10. The plaintiff objects that the appointment of Mr. Rangaswami Pillai was ultra vires. He puts his case thus. The very object of there being members in waiting is, that they may be called on to act when such a contingency occurs as has now actually arisen. When Rajagopala Naidu refused, was a member of the Waiting Board that should have stepped into his place. The Collector, had, therefore, no power to make a fresh nomination and the appointment of Rangaswami Pillai was consequently invalid. This objection has been upheld by the lower Court, but is, in my opinion, untenable. The rule consists of two distinct parts, first, referring to the revising authority, the second, to the Waiting Board. The members in waiting, on a true construction are not included in the revising authority. The rule very clearly lays down that body shall consist of certain three persons none of them being a member in waiting.

11. The second part of the rule provides that certain persons may be appointed to the Waiting Board 'to take the place of any member of the revising authority.' The fact that he takes the latter's place does not alter his status and convert him into a regular member. A Waiting Board is intended to be a reserve and can never become anything more than such reserve. Its members are outside the Board and they are to be called out in emergencies to act temporarily as substitutes. If it is borne in mind that a Revising Board is constituted to deal not with a single voter but with voters generally, the scheme of the section becomes quite apparent. For example, when the case of a particular voter is being considered, a member may refuse to attend that sitting. The voter may happen to be his relation, friend or enemy, or, he may have some interest in the property which the voter claims to be his. In such a case, he may very properly refuse to attend a sitting. But, does that fact ipso facto terminate his membership of the Board? He may nevertheless attend its other sittings and take part in them., The members of the Waiting Board are intended to step in at such times, and when the original member returns, they step out and' go back into the reserve. Under this rule, there cannot be a proper Revising Board of two members and in appointing; the third, the Collector was perfectly right. The plaintiff's objection, therefore, fails.

12. The plaintiff next objects that the chairman was disqualified by interest from adjudicating upon his claim. He alleges that he has been vice-chairman for some years and that there has been bitter enmity between him and the chairman. The latter was intent on seeing that he was not re-elected and it was with that object that he caused his name to be omitted on the roll. Though the case has been argued very fully and elaborately, still we must not lose sight of the fact that what we are hearing is an appeal from an order granting a temporary injunction. But, on such materials as exist, we must make up our minds, whether the plaintiff has made out this charge. The lower Court in holding in favour of the plaintiff relies on several facts and circumstances, but we propose to confine ourselves to two or three facts which have, in our opinion, a decisive bearing on the question to be tried. The chairman's objection was, as we have already said, based on certain rules in regard to residence, in the soundness of that objection, however, he seemed to have had little faith. The plaintiff thereafter preferred his claim. It was too late for the chairman to change his ground of attack. It was at this juncture that his clerk comes on the scene with what is called an objection. That related to quite a different ground, one based on want of property qualification. We have already pointed out that preferring an 'objection' in the circumstances was out of the common. The question of the locus standi of Srinivasa Iyengar was then raised. The Revising Board, by a majority, decided the point against him and held that he had no right to be heard.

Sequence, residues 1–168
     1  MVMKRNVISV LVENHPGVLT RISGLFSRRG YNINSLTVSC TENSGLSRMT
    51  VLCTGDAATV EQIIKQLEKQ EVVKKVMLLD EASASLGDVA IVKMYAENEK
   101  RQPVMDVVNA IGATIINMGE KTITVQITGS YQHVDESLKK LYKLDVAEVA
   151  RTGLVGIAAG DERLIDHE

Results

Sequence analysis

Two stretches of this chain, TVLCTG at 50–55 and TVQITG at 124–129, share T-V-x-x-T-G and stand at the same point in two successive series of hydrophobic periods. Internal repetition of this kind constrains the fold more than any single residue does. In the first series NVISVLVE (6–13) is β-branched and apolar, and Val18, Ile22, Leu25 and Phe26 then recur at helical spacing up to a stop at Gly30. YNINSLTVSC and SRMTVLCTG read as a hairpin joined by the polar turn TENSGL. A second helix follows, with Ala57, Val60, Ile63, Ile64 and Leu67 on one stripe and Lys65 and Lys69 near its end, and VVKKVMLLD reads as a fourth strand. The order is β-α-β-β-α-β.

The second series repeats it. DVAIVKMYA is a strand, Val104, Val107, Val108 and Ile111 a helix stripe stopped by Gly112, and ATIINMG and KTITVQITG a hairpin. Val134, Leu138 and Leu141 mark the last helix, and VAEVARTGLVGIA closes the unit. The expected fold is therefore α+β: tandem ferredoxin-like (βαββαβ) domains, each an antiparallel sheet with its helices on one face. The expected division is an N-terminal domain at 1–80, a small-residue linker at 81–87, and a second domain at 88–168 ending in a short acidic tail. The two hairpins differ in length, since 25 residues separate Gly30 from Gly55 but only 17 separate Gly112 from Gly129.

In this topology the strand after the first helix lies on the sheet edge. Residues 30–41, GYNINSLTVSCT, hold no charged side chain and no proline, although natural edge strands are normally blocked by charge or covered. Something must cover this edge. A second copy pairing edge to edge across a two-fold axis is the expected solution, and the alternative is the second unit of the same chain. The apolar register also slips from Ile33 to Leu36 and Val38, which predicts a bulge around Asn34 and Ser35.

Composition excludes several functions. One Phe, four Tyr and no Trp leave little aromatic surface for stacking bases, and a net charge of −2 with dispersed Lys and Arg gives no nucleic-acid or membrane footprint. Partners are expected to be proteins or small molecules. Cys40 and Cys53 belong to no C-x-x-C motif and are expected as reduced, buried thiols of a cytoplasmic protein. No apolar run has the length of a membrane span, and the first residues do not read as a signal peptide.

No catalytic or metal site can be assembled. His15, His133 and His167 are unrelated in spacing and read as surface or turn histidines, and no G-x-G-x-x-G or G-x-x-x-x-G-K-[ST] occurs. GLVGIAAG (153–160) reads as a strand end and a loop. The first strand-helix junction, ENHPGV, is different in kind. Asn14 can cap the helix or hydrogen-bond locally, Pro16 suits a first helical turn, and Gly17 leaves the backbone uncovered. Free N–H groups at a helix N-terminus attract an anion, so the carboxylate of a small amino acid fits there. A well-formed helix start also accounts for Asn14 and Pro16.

13. The chairman dissented taking a different view. On the material before us, we cannot resist the conclusion that it was at his instance that his clerk preferred that objection. Mr. Rangachari in his eloquent address, while admitting that this is a suspicious circumstance, urges that it may be capable of explanation. True it may be; but the chairman has had an opportunity both in the lower and in this Court and what explanation has been forthcoming? The case has been fought with great bitterness and every point argued very fully and we cannot help concluding that the chairman has failed to remove the suspicion, because he has no satisfactory explanation to offer.

14. We now pass on to another circumstance which tells against the chairman with equal if not greater force. On 9th June, the ruling to which we have referred, regarding the locus standi of Srinivasa Iyengar was given. Though it was held that he could not be heard, the Board decided to go suo motu into the merits of the objection. Thereafter there were some adjourned sittings with which we are not concerned. On 14th, the chairman makes a reference to the Government on a certain point and seeks its advice. He formulates the question thus: Some persons without title to property seek inclusion in the electoral roll on the ground that the tax bills stand in their names with the consent of the real owner. The transfer of a bill is not a transfer of property in the eye of the law. Attempts are frequently made by persons in such position to get their names improperly included in the electoral roll. He concludes his letter by saying:

It is necessary to put a stop to such malpractice. The Revising Board feels some difficulty in the matter and it is prayed that the Government may be pleased to favour us with their view early.

15. A perusal of this leads one to think that the reference has been made by, or at the instance of the Revising Board; but nothing of the sort; this was done as a matter of fact behind its back. Then again, was this reference made to the Government bona fide and in the ordinary course? The essence of the charge against the plaintiff was that the property belonged to his father but that the tax bills stood in his name. He answered it somewhat thus.: